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In the poem, Dulce et Decorum Est written by Wilfred Owen, the speaker appears to be a soldier

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Shachi Desai 11/12/05 Dulce et Decorum Est Poetry Journal Entry In the poem, Dulce et Decorum Est written by Wilfred Owen, the speaker appears to be a soldier in the army, warning young people eager for war, "children ardent for some desperate glory," that war is not what it seems. The soldier explains to the reader through first hand experience that fighting for one's country is not as glorious a task as it may appear to be. One shouldn't believe the lie that is told about how it is sweet and proper to die for one's country. The poem takes place during a war, while the men are marching and death surrounds them. ...read more.


Overall, the poem can be classified as a narrative iambic pentameter. The poem begins by setting up the context; tired and hungry soldiers marching on towards a resting point somewhere in the distance. Many of the men march half-asleep, while others are missing boots, bleeding, or limping, but all tired. All of a sudden, the poem changes from past tense to present tense. The soldiers are no longer generalized as a group. A first person point of view is introduced as there are gas shells falling and everyone is alerted. Despite this the weary soldiers are still fumbling around, as if woken from a deep slumber. While most of the men strap on their helmets or what seems to be gas masks, one does not get it in time and he slowly dies. ...read more.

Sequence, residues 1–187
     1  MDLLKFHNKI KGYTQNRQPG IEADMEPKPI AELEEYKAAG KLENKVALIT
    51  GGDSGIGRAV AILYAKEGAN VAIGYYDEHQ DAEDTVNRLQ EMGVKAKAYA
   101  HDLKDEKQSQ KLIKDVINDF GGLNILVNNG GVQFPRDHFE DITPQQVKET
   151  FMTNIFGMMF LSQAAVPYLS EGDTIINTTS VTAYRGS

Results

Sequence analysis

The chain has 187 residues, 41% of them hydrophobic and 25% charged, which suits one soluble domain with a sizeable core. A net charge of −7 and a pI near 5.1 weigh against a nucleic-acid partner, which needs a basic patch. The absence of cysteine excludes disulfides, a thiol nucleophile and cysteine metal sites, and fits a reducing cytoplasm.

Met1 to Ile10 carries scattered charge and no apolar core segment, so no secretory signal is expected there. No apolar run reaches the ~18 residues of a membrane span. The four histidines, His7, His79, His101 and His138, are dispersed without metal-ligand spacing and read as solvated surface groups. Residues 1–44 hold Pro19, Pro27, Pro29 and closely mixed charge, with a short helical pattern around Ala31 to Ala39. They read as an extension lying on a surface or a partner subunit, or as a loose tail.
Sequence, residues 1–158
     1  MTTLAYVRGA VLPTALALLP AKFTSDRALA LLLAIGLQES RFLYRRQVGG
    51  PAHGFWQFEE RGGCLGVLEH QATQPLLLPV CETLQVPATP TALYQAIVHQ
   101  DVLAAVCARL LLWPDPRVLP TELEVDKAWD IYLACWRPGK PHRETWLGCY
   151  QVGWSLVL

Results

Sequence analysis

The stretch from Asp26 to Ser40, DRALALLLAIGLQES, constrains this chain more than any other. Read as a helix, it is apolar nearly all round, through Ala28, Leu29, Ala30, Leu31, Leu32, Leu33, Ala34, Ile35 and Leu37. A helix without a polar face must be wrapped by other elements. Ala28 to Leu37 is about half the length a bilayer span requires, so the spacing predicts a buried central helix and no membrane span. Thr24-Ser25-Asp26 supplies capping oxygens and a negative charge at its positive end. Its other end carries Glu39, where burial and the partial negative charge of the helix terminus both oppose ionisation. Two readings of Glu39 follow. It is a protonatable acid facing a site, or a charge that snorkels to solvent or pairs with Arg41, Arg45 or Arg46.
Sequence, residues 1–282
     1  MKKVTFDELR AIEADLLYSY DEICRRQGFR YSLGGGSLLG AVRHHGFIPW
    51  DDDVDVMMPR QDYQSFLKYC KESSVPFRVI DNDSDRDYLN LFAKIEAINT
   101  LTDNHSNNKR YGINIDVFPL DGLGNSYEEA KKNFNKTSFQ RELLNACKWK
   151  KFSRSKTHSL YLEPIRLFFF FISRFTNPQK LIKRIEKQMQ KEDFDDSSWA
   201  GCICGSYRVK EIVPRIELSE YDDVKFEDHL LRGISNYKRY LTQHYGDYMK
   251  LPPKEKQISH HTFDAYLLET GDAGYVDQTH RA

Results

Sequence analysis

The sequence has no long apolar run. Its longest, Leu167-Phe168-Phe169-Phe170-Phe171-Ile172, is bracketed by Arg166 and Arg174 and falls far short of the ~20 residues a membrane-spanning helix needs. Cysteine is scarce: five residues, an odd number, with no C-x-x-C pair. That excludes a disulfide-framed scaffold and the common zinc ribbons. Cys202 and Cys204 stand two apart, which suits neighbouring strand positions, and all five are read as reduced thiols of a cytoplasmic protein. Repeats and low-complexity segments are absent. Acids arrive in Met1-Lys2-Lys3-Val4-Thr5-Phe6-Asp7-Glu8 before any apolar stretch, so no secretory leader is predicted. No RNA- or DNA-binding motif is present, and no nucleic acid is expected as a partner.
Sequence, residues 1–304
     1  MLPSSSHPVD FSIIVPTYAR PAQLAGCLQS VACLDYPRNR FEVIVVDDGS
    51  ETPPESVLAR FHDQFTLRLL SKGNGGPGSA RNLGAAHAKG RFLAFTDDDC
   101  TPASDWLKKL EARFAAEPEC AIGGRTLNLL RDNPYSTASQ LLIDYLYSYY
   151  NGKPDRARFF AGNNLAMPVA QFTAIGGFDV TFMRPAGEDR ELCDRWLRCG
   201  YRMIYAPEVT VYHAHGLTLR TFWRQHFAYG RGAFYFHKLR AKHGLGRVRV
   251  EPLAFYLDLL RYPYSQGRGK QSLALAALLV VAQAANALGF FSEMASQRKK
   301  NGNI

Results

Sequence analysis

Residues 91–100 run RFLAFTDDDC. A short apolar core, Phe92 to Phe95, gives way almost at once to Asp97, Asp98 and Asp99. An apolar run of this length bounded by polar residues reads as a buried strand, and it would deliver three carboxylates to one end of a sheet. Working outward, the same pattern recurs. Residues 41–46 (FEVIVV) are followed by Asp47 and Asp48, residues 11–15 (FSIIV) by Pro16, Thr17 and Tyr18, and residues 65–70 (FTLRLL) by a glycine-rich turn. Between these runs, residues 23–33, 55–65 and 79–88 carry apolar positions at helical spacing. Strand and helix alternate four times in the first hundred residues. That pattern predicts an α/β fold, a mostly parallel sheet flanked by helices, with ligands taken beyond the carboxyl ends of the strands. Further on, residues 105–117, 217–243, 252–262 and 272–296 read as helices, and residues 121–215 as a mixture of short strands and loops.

Also helpful in truly understanding the poem is the poet's use of figurative language. Similes comparing the solders to old beggars show how exhausted they must be, so much that they are bent over. "Coughing like hags" helps add to the reader's sense of sound, as one is able to imagine what it must sound, and feel like to be a soldier. "Flound'ring like a man in fire or lime," adds to this effect as well, giving the reader a thorough description of the scene, as does the phrase "as under a green sea." In this way, the mustard-gas filled air is compared to a green sea. The rhyming scheme of the poem gives it a type of rhythm, much like the beat of the marching soldiers. All of these poetic devices which the poet uses help create the effect the poem has, one of fear of going to war. ...read more.

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